Suppressor of Cytokine Signaling 3 Expression and Insulin Resistance in Skeletal Muscle of Obese and Type 2 Diabetic Patients

  1. Jennifer Rieusset1,
  2. Karim Bouzakri1,
  3. Emmanuel Chevillotte1,
  4. Nadège Ricard1,
  5. Delphine Jacquet2,
  6. Jean-Philippe Bastard3,
  7. Martine Laville14 and
  8. Hubert Vidal14
  1. 1INSERM U449/INRA U1235 and Centre de Recherche en Nutrition Humaine de Lyon, IFR 62, Faculté de Médecine René Laennec, Université Claude Bernard Lyon-1, Lyon, France
  2. 2INSERM U457, Hôpital Robert Debré, Paris, France
  3. 3Service de Biochimie et Hormonologie, Hôpital Tenon, Assistance Publique-Hôpitaux de Paris and INSERM U402, Paris, France
  4. 4Service d’Endocrinologie, Diabétologie et Nutrition, Hôpital Edouard Herriot, Lyon, France
  1. Address correspondence and reprint requests to Dr. Jennifer Rieusset, INSERM U449/INRA U1235, Faculté de Médecine René Laennec, Rue G. Paradin, F-69372 Lyon, Cedex 08, France. E-mail: jennifer.rieusset{at}


Interleukin-6 (IL-6) could be a possible mediator of insulin resistance. We investigated whether IL-6 could inhibit insulin signaling in human skeletal myotubes and whether suppressor of cytokine signaling 3 (SOCS-3) could be related to insulin resistance in vivo in humans. IL-6 inhibited insulin signaling and induced SOCS-3 expression in differentiated myotubes. SOCS-3 mRNA levels were significantly increased in the skeletal muscle of type 2 diabetic patients compared with control subjects and correlated with reduced insulin-stimulated glucose uptake. In contrast, SOCS-3 mRNA levels were reduced in muscle of obese nondiabetic subjects compared with type 2 diabetic patients, despite similar circulating concentrations of IL-6. Increased SOCS-3 mRNA levels in diabetes were not attributable to hyperglycemia, as type 1 diabetic patients had normal SOCS-3 mRNA expression in muscle. However, the combination of high glucose and IL-6 levels in type 2 diabetic patients may induce SOCS-3 expression, as has been seen in human muscle cells. In subcutaneous adipose tissue, SOCS-3 mRNA levels were increased in obese individuals and strongly correlated with IL-6 expression, supporting a paracrine effect of IL-6 on SOCS-3 expression in fat. Taken together, our results showed that SOCS-3 expression in human skeletal muscle in vivo is not related to insulin resistance in the presence of elevated IL-6 concentrations and suggest that cytokine action could differ in type 2 diabetic patients and nondiabetic obese subjects.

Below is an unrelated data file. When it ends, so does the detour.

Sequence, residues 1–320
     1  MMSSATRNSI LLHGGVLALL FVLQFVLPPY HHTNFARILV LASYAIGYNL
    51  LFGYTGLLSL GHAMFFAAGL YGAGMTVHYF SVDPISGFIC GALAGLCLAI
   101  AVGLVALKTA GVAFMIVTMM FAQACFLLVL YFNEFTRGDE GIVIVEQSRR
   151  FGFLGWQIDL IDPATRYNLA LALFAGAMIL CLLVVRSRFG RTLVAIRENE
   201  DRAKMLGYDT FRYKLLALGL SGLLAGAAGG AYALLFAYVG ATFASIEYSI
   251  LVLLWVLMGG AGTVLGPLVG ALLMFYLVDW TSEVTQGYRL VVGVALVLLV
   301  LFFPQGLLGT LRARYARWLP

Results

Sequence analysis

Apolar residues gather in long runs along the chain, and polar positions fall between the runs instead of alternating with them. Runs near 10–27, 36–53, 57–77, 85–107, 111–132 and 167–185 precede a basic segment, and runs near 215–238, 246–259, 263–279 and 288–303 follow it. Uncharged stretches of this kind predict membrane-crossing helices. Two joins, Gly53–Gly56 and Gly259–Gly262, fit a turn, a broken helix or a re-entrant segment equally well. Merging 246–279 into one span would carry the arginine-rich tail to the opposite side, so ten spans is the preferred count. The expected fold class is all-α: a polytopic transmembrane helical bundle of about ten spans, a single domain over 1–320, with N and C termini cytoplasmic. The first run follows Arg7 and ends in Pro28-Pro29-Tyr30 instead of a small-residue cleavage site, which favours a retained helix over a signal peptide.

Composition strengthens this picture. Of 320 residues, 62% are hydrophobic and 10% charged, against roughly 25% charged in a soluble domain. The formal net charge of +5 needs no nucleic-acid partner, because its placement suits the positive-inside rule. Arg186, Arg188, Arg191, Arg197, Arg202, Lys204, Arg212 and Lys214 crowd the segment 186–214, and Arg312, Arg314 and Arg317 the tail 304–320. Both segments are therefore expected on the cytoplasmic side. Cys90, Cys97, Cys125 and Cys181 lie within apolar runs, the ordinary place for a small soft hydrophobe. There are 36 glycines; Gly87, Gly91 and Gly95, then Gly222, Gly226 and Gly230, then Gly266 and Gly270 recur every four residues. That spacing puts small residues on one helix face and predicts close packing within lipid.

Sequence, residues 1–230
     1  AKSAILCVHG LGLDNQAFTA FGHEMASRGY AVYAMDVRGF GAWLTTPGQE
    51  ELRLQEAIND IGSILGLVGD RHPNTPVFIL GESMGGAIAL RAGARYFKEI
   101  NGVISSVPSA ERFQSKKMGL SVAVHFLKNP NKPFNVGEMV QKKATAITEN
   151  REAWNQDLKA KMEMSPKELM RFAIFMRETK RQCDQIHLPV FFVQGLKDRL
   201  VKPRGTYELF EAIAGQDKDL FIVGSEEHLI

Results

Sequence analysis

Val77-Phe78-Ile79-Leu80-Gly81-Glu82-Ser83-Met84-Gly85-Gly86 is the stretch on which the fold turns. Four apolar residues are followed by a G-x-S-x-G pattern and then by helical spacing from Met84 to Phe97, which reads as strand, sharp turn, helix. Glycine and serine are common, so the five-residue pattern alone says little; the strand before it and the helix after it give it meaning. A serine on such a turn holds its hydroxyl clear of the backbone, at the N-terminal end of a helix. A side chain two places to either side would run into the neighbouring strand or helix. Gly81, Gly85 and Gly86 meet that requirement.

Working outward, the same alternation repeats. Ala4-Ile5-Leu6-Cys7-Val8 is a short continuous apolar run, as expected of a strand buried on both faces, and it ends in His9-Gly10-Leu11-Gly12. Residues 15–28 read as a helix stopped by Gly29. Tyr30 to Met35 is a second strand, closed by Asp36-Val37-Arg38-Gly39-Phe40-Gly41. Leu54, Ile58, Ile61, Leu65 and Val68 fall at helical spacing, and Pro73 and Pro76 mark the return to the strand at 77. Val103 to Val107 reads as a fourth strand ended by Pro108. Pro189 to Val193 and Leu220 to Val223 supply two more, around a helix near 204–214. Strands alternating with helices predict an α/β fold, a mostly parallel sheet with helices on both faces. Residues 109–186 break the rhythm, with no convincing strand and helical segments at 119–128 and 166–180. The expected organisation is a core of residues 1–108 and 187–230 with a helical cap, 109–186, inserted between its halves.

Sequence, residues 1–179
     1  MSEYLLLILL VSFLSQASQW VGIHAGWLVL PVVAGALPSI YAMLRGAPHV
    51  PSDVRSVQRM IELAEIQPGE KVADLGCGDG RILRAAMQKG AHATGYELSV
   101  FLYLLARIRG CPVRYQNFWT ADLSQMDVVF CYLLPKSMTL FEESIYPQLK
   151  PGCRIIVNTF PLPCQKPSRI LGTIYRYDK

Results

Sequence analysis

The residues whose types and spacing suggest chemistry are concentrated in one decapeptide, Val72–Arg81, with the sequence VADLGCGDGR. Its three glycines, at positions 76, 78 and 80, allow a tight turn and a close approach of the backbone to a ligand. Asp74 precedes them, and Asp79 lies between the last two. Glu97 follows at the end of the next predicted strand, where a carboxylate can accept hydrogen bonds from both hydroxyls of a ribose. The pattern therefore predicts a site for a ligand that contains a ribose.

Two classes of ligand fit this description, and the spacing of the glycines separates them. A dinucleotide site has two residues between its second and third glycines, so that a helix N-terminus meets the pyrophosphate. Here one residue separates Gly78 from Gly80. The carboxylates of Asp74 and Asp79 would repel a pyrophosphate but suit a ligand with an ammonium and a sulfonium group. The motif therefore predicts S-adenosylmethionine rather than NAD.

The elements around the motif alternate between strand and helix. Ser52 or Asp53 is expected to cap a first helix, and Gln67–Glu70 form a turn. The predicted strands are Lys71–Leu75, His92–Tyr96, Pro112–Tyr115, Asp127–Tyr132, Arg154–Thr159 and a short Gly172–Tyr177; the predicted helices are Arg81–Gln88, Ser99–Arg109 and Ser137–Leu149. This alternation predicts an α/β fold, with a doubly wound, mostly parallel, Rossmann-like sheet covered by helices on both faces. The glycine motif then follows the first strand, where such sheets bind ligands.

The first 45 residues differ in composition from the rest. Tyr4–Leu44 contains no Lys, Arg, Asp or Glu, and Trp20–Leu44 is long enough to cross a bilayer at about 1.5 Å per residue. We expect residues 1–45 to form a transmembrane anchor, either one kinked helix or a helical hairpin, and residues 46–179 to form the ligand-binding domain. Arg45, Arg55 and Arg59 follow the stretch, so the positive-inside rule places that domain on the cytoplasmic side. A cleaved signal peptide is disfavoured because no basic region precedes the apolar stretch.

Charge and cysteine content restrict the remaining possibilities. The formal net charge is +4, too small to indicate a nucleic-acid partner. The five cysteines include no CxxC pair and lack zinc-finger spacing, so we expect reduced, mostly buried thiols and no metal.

• Accepted May 28, 2004.
    • Received January 20, 2004.
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